First Time Canning In The PanhandlePosted on September 1, 2023
This year was a very productive year for me. I got a garden planted a week after the last frost happened in March,and it did fairly well in several areas for me. So much so that I decided to preserve some of it for the first time ever. I went through my storage options and decided the best bet was canning as I had a root cellar with shelves already installed and a mess of jars my wife had hunted at garage sales for.
I had an abundance of cucumbers so my wife and I decided that pickles was the way to go to get started. We gathered the necessary ingredients and jars and jumped into the slow paced world of brining. Brining is the process of soaking your meat or vegetables in a salt water bath to begin the preservation process. This can take 12 hours minimum or up to a week. In vegetables it helps to keep them crisp. For best results pick, brine and can within 24 hours for crispest pickles. The cheapest route to go for spices in bulk is the internet and gebos.com and most can ship within 72 hours to your house. Using a water bath canner and an outdoor propane burner (purchased at Gebos) we proceeded to can 48 jars of pickle chunks, slices, and spears and even 3 jars of pickled okra. My first bit of advice in this area is to start early in the day as each batch takes about 2.5 hours start to finish. Id also recommend anybody new to canning start with water bathing as its essentially just a big pot of boiling water. As long as it took to do, the recipes were very simple and easy to follow. There are so may out there that its best to just pick a recipe you think you will like and go for it. The worst part of pickling is waiting 3 weeks or longer for them to pickle. Other than that its an excellent place for a beginner to start.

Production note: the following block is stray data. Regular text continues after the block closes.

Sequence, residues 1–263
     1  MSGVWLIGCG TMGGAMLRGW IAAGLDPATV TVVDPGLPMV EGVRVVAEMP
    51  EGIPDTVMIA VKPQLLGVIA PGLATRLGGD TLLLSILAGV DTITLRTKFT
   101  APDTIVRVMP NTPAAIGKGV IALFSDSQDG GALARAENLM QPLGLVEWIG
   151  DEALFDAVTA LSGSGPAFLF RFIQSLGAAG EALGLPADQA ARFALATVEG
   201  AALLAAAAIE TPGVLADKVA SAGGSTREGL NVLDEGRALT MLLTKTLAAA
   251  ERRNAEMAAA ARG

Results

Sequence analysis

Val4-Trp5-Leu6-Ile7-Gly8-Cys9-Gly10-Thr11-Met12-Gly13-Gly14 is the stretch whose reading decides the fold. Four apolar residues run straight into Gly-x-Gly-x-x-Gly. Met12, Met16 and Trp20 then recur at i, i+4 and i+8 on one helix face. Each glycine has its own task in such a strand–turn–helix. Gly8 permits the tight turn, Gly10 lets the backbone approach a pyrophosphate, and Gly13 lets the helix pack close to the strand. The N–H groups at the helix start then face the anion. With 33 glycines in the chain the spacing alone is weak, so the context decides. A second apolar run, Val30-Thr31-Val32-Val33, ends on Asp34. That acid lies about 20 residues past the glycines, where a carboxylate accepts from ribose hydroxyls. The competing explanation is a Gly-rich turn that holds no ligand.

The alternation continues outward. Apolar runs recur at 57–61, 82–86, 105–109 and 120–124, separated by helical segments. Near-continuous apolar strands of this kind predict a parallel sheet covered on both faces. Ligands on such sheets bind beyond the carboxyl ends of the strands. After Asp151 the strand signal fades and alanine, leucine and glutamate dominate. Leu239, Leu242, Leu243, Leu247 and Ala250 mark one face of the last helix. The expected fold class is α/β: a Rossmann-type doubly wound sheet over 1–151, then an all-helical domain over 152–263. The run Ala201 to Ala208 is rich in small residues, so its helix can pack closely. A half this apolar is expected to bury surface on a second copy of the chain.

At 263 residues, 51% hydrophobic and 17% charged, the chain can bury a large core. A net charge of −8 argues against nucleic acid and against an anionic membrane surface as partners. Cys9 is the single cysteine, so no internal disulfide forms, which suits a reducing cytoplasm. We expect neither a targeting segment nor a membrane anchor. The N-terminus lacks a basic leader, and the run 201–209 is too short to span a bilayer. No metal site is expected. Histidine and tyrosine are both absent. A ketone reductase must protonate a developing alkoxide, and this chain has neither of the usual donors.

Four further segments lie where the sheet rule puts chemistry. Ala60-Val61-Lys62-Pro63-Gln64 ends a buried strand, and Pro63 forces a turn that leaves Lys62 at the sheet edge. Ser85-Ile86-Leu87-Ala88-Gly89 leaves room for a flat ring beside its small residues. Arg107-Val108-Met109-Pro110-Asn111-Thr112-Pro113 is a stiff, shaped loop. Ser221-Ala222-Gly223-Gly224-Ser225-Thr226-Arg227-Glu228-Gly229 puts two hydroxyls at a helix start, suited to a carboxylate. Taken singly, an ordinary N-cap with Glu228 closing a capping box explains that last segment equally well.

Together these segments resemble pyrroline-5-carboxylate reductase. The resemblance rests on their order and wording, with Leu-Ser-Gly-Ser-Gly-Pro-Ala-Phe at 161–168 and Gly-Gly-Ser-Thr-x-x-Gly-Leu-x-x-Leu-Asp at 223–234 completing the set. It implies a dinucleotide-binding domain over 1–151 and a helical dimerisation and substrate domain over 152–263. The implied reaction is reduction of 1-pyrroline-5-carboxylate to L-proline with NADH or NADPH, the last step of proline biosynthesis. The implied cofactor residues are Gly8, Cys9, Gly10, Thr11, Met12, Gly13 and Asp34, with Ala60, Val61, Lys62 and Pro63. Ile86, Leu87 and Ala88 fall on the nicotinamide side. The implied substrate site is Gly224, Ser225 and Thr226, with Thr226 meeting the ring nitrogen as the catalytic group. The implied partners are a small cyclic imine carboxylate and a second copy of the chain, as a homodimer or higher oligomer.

The next thing I had to learn to use was a pressure canner and let me say the nerves were high on this one. Its really not that complicated but something about building pressure in a potential bomb situation made me nervous. I had nightmares of circular holes in my roof for days. Turns out the hardest part I had in the next step, was finding my next recipe. See, my garden had begun producing zuchinni and yellow squash like crazy and I didnt want it to go to waste.To make matters worse there wasnt a single canning recipe to be found anywhere! In fact most websites will tell you its not safe due to certain records being lost, but funny enough you can buy canned squash in just about any grocery store. Why is it safe for big business but not individual homes? Time to do some research. Turns out way back in 1971 the FDA had a major screwup in their records department which lead to all the data for canning those vegetables being lost. It wasnt treated as that big a deal as Ball and Kerr (two major canning suppliers and educators) still had the original recipes in their cookbooks and the processes to can them. Fast forward 20 years to 1991 and the FDA passes down the decision that if they dont have it as confirmed as a safe process in their records then the recipes can no longer be reprinted in new cookbooks. Hence the great squash canning cover up began and the recipe began to gradually be lost to the sands of time.